Defining 'Moral Values'


After relying on misleading exit poll data to announce the wrong winner in Campaign 2000 and after failing to produce any data at all in the 2002 mid-term elections, the television news divisions promised a new and improved exit poll system this year.

They promised not to jump to early conclusions from the exit polls and to use them instead for their proper purpose: to provide insight into voter motivation, decision-making and ideology.

Yet again on Election Day the exit polls failed. The networks are taking a false rap for rushed early bungling. A second, larger error is now only coming to light.

First, no blame attaches to the network news divisions for the fact that partial data was disseminated and misinterpreted online on Election Day leading to the misleading mood – before the polls closed – that things would turn out badly for Republican George Bush. On television, that mood was mostly conveyed not by journalists but by cable news guests, political pundits and operatives.

Examination of TV news itself – for example the broadcast nightly newscasts on election night before any results were declared – shows that anchors, in-house analysts and reporters were scrupulous in observing their vow not to use their in-house data, which apparently favored John Kerry, to taint their characterization of the likely outcome.

Sure enough, all through election night broadcast and cable networks conveyed the accurate impression that this was a close race, with almost no changes since 2000, where the results could only be called quickly in non-battleground states, and where the races were close enough in the swing states to remain uncallable for hours. We saw no hasty 2000-style misuse of the exit polls on air – only unauthorized use online, for which no blame attaches to the networks.

Blame does attach, however for the sloppy wording of the exit poll questionnaire itself. In trying to discover which issues were crucial, the poll cited the major themes of the campaign – the Economy, Iraq, Terrorism – but then mixed apples and oranges by adding a category – "Moral Values" – which is not an issue at all.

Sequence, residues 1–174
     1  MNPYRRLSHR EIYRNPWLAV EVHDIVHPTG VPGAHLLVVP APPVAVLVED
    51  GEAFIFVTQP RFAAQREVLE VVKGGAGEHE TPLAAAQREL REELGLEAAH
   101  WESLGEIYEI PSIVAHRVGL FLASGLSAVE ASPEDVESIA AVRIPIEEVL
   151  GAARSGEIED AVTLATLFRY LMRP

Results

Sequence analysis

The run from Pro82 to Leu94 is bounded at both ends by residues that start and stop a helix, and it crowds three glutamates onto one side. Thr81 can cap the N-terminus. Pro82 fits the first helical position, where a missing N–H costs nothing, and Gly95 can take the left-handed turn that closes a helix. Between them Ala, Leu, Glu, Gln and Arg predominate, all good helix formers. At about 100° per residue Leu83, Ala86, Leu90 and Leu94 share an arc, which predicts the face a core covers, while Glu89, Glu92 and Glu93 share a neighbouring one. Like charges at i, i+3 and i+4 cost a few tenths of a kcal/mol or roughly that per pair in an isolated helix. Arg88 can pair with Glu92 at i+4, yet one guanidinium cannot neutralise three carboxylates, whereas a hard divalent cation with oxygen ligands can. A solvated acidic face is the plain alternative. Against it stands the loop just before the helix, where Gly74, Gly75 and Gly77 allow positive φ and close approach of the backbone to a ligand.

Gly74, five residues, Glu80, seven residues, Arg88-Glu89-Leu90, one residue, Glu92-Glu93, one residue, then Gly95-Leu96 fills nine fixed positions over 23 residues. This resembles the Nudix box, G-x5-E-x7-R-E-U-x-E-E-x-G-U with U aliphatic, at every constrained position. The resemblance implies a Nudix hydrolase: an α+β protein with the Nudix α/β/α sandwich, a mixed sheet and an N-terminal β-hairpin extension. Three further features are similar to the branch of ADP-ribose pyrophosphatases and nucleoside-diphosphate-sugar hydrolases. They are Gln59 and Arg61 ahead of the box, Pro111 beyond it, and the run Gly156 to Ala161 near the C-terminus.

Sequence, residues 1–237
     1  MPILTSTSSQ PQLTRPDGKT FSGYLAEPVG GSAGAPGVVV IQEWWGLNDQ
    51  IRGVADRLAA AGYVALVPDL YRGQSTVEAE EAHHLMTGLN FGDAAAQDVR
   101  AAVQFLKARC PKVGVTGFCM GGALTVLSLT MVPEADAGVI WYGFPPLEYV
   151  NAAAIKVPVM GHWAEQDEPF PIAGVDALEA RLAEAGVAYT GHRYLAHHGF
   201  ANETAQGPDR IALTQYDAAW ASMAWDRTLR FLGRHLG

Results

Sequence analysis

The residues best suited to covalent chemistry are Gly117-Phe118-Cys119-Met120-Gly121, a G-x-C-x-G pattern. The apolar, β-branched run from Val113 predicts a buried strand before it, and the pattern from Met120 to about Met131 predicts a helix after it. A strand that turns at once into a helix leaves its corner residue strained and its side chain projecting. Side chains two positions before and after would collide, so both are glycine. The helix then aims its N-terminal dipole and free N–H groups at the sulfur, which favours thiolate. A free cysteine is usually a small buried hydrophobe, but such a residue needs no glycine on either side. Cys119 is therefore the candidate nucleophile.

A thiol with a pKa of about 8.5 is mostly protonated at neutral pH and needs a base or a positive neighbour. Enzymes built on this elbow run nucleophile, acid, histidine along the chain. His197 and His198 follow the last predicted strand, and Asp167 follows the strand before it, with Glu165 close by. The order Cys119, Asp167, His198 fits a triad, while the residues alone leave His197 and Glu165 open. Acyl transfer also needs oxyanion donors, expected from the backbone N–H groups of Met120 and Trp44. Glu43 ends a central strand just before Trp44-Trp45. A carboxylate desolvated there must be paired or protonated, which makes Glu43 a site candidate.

So our understanding of key issues was left clear as mud in the election aftermath when "Moral Values" turned up as the single most frequently cited issue, a category chosen disproportionately by supporters of the president. Pew Center pollster Andrew Kohut protested its inclusion on PBS' News Hour on the day after Election Day, explaining that, especially for devout Christians, all of life is seen through the prism of moral values, so faced with that category on any list it would feel un-Christian not to choose it.

What does the category mean? Is it shorthand for a cluster of genuine cultural issues such as abortion, gay rights, church-state relations or stem-cell research? Perhaps not. Perhaps, instead, it refers to the personal attributes of the two candidates and the importance of the President's born-again faith to a huge proportion of his electoral base.

Evidence for this latter reading comes from the Citizens Debate Scorecard conducted by and Media for Democracy. The Scorecard was an interactive online monitoring panel of the conduct of the presidential debates. It evaluated the appropriateness of the moderator's choice of questioning both on the issues and on the personal attributes of the candidates.

When the panel monitored the third debate on domestic policy in Tempe, Bush supporters and Kerry supporters diverged very little on their assessment of the mix of social issues chosen for discussion. However, when monitoring the relevance of the candidates' personal attributes – such as consistency, honesty, judgment – there was a striking divergence in attitudes towards morality, values and religious faith. A large proportion of Kerry supporters on the panel found too much time spent on values; while Bush supporters found the opposite – either the right amount of time or too little.

The media monitoring of the debates indicates that moral values are seen as a personal attribute of the candidate not as a complex of public policy issues akin to the economy or Iraq or terrorism.

When the networks designed their Election Day exit poll questionnaire to decipher voters' decision- making, they had an opportunity to deconstruct the morals question into its distinct components.

The networks' big exit poll failure was not in using their data too early but in not asking the proper questions in the first place.

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